Let your excitement guide you. It won’t steer you wrong. That excitement is what will keep the learning process fresh and inspiring instead of feeling like a chore you have to get through.

Find a Mentor

Once you think you’ve got a grasp on where you want to take your career/hobby, find a qualified mentor in that lane. This can be an intimidating step for many, but I promise you, very few things will help move you along faster than a good mentor.

Your mentor doesn’t have to be someone local. With peer-programming built into many coding applications now, you can find someone online in a web forum, Stack Overflow, a Facebook group, Twitter, etc, and ask them to take just a bit of time once a week to help you understand something that’s stumping you.

Keep asking people until you find someone. There are many people out there who will help you, you just have to find them!

Of course, you can do it all yourself, but why would you? I can’t tell you how many times I’ve spent days reading and reading about some concept and still not grasping it only to have someone else explain it to me in five minutes in a way that makes it click.

Avail yourself of these opportunities. Your time is so much better spent working on the next thing than banging your head against a wall not understanding your current thing.

A mentor can be that shortcut you need to keep your momentum moving forward!

Build Something

Once you’ve learned some fundamentals, decided what excites you, and found a mentor to help you on your way, it’s time to build your first thing! You may not feel ready yet, and this could be a scary step, but pick something small and build it.

The ultimate usefulness or complexity of what you build at this point is pretty inconsequential. This step is all about getting your first project under your belt. Nothing feels better than seeing your first project all the way through to completion.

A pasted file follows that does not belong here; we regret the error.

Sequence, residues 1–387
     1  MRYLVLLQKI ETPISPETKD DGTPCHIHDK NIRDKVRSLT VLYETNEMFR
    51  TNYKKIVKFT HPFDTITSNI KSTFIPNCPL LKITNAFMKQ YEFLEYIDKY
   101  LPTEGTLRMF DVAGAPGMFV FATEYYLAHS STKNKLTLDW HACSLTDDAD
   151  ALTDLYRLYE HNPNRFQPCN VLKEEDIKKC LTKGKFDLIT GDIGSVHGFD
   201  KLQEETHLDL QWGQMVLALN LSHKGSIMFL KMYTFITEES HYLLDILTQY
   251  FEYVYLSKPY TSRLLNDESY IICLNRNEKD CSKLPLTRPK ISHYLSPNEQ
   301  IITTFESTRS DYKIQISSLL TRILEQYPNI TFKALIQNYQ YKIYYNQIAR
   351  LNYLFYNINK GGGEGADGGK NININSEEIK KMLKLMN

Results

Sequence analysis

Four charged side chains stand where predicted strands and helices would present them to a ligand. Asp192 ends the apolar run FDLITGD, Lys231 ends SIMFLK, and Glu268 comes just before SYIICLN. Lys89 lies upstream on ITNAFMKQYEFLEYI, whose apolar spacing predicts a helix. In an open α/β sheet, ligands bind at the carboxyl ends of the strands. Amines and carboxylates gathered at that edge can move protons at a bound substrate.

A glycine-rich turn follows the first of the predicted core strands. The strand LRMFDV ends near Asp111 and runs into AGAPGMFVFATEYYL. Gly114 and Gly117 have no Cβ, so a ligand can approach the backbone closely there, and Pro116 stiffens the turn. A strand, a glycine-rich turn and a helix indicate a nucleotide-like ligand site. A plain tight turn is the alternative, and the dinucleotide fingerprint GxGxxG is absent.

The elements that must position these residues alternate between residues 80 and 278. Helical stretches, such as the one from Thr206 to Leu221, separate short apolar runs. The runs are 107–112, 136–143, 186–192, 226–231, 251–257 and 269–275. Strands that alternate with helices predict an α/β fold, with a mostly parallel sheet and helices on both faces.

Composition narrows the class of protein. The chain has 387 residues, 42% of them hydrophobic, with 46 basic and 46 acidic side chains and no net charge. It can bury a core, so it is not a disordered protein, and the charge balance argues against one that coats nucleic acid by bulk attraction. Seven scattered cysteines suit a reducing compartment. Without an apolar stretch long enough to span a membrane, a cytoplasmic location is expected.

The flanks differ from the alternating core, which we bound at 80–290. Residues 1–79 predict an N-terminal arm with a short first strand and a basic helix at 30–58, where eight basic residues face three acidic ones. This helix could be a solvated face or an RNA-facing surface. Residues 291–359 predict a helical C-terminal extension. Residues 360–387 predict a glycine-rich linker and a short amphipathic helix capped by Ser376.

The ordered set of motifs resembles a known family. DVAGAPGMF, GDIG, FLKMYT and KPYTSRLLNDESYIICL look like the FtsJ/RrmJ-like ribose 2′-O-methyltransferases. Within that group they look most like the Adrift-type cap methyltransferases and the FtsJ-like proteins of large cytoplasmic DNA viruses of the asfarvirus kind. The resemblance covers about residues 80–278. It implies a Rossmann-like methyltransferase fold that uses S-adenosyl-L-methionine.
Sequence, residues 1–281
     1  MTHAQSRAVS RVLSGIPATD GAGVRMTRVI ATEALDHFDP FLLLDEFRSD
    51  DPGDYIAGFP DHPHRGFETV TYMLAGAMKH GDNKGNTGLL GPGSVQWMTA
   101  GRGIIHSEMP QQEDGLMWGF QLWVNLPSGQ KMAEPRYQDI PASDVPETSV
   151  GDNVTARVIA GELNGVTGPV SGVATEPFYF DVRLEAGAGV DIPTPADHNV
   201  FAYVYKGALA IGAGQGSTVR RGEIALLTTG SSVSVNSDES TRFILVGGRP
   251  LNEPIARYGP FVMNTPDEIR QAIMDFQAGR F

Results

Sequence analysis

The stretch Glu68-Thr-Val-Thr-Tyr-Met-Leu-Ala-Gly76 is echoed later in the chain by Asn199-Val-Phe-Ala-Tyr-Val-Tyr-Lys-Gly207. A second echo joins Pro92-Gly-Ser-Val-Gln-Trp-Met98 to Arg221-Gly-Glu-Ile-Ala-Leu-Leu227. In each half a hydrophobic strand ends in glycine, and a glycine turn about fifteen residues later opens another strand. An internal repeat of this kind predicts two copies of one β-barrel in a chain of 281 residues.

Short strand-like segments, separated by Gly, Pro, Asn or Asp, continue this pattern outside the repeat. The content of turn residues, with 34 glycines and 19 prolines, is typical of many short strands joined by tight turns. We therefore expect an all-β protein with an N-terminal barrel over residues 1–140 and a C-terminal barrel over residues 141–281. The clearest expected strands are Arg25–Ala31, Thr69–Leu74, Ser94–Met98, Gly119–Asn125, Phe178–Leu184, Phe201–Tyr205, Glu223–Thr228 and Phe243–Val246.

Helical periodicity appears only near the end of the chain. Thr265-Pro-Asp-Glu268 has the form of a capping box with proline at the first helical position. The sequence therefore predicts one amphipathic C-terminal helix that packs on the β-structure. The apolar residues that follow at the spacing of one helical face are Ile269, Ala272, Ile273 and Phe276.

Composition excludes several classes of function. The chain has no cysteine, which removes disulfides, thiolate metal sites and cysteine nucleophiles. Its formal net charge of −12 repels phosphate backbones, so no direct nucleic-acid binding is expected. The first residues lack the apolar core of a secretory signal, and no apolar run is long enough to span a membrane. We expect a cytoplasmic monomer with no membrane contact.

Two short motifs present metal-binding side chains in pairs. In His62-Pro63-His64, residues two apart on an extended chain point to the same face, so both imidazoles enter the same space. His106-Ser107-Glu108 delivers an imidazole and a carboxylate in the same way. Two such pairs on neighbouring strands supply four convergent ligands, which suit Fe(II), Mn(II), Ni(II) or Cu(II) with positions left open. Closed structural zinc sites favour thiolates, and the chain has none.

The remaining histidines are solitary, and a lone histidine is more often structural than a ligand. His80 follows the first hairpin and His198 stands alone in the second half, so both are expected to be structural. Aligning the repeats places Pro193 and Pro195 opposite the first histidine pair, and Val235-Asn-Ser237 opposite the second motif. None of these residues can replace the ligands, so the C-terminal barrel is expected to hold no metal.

This can be something as simple as the ubiquitous “to-do app”, a website for your grandma’s cookies, or just making an LED blink on an Arduino.

Learning the steps it takes to go from idea to a working project is invaluable for a new developer. It can build so much confidence and momentum, and as a new programmer, these are the things that will keep you going and growing!

Conclusion and Resources

Before I close this article, I want to name a couple of other resources for new programmers. There are hundreds of thousands of developer blogs on the web and articles here on Medium that can help sharpen your skills.

YouTube has thousands of brilliant developers who have spent their time building amazing tutorial series that can walk you through the steps needed to learn a certain language or framework.

Take advantage of all of these free resources to round out your skillset and learn the time-honored solutions to problems programmers face over and over so you don’t find yourself re-inventing the wheel.

You can learn to program in 2019. Don’t let the information-overload scare you off!

With some solid fundamentals and a mentor to guide your excitement, you can build an incredible career or immensely fulfilling hobby programming; all it requires is for you to take that first step!